“Ibrutinib is a multi-blockbuster drug, but it isn’t a direct competitor of ours,” he continues. “Rather, ARQ 531 follows in the wake of its success.”
What you need to build a blockbuster today
“Many of yesterday’s blockbusters were not innovative enough to be blockbusters today,” noted Stephen R. Davis, chief executive officer, Acadia Pharmaceuticals, when he spoke at a breakfast panel (“How to Build a Blockbuster”) that was sponsored by Endpoints News and held at the 37th annual J.P. Morgan Healthcare Conference. For a drug to be a blockbuster today, he continued, it must embody “true innovation that brings a high level of value to the disease and patient communities.”
As Laghrissi-Thode points out, that means ever-greater levels of innovation that bring real value to patients, payers, and providers as well as the ability to gain widespread reimbursement so patients can access that innovation. To put this in perspective, she says, “in cardiovascular disease, products demonstrating a 12% percent risk reduction (over previous therapies) already are out there, so payers need to see greater risk reduction for a new therapy to be relevant.”
“You also need a durable franchise,” Andrew Plump, chief medical and scientific officer, Takeda Pharmaceutical, said when he participated in the Blockbuster panel. The fast-changing nature of genetic therapies doesn’t provide the IP foundation to sustain any given therapeutic for the long time needed for it to become a blockbuster, he argued, but it does spur continued innovation.
Regulators get involved, too
The FDA really doesn’t care whether a drug has blockbuster potential as long as the drug is safe and effective. Payers don’t care, as long as the drug is substantially better than existing therapeutics and meets reimbursement guidelines. Developers care, however, and they can help a drug achieve its blockbuster potential more expeditiously if they anticipate the FDA’s requirements.
Specifically, blockbusters are more probable when R&D operates efficiently. New regulatory guidances that align regulatory reasoning with current scientific and clinical thought, and the acceptance of modern technologies and practices—like using real-world evidence for control arms—are boosting efficiency within the FDA and within drug companies. As a result, drug developers can apply more of their resources where they can have the greatest impact.
The use of digital medicine tools can cut costs and development time. Rather than conduct a clinical trial of a new flu vaccine, Sanofi teamed with Kaiser Permanente to test either the new vaccine or the standard vaccine on 10,000 patients. It then used those patients’ medical records to determine which patients, if any, contracted the flu. According to John Reed, MD, PhD, executive vice president, global head of R&D, Sanofi, this investigation cost only $5 million—only $500 per patient—and outcomes were evident within a few months.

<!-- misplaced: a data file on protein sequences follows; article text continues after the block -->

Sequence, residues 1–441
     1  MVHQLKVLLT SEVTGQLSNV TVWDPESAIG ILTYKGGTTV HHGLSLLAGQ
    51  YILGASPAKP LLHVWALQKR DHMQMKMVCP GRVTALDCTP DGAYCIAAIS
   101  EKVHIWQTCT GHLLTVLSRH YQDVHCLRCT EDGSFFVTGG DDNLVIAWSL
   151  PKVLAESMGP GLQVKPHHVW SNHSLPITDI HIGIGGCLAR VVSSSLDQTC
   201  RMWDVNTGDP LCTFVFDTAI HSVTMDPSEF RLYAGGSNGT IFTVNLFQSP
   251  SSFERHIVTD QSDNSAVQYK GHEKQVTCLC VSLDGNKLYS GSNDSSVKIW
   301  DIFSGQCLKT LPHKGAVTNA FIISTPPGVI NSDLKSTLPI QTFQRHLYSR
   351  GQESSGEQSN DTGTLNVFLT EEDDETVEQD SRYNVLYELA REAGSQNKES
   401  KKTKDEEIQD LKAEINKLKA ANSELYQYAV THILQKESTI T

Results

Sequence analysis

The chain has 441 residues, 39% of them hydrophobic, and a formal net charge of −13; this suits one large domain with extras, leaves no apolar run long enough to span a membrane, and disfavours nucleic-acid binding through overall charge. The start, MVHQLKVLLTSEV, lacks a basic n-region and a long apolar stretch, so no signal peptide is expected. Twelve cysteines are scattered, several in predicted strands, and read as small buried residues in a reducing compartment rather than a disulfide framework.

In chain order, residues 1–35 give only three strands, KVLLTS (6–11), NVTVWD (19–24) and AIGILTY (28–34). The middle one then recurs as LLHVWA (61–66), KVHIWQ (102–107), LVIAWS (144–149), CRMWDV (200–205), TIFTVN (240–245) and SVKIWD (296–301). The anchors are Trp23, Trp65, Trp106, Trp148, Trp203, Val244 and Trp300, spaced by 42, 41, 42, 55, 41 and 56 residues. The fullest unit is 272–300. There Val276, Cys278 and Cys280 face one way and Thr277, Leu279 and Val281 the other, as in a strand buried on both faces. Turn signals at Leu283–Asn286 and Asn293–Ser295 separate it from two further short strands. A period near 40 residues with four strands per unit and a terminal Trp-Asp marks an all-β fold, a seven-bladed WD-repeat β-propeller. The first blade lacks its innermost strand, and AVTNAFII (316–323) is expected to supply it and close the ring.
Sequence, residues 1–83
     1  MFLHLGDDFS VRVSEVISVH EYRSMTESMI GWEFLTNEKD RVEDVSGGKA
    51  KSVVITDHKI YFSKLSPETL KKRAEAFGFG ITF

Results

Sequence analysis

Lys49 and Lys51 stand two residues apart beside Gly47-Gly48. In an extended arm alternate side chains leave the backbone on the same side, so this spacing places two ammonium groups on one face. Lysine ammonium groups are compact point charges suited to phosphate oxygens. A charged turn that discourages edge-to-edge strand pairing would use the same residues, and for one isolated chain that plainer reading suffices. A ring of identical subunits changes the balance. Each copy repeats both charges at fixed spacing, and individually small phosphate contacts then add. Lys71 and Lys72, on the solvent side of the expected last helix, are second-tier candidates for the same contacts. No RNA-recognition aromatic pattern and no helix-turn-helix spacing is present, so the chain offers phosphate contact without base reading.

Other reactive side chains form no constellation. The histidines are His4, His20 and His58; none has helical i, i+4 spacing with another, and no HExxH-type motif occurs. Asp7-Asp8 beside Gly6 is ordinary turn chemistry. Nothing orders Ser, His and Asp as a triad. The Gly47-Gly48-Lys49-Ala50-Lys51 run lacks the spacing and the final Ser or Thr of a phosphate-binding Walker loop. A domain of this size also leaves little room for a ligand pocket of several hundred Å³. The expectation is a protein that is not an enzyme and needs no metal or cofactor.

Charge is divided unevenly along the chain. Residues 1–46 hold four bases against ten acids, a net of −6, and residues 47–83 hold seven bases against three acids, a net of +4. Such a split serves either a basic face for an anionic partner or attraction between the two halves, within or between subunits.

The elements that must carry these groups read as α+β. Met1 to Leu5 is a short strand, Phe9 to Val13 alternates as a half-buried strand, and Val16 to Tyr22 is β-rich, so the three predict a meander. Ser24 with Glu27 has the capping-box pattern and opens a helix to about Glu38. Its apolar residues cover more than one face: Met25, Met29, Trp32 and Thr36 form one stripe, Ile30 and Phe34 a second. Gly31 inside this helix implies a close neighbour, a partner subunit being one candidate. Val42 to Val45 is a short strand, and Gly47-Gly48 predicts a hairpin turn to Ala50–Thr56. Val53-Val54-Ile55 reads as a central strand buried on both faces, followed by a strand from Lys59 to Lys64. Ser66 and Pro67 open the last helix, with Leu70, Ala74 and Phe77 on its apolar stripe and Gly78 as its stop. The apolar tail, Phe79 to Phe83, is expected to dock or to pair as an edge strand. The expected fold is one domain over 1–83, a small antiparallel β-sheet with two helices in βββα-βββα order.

Data mining is offering new ways to look at data, and access to electronic health records is creating new ways to conduct clinical studies. By coupling artificial intelligence (AI) and machine learning, researchers can identify patterns and select patients most likely to benefit from prospective drugs. “We’re incorporating wearables and smartphone apps, which is giving richer, more quantifiable data and more timely feedback,” Reed says.
Among regulators and life sciences companies, Plump says, “there’s a willingness to think differently about how to bring speed and efficacy to drug development. If a drug has transformative potential today, it’s typically in a more targeted population. Trials can be smaller, and regulators can streamline phases.” The bottom line, he insists, is that, “the definition of blockbuster can change because your ROI can change.”
Blockbusters are still possible
“The blockbuster, one-size-fits-all approach is not the right approach today. The science has advanced,” Laghrissi-Thode says, “so aspiring to blockbuster status is falling out of grace.”
Even if conventional blockbuster status is beyond reach, it may still be possible to achieve an updated kind of blockbuster status. “The genotype we’re working on is present in about 20% of cardiovascular patients, but 20% of that population, worldwide, is still a huge number,” she points out.
Given the rapid pace of science and the continual stratification of patients and diseases, Schegerin’s assessment of the pharmaceutical environment may prove most accurate for the majority of biotech companies. Today’s blockbusters, he says, are more likely to be replaced not by any one drug, but by many, tightly targeted therapies.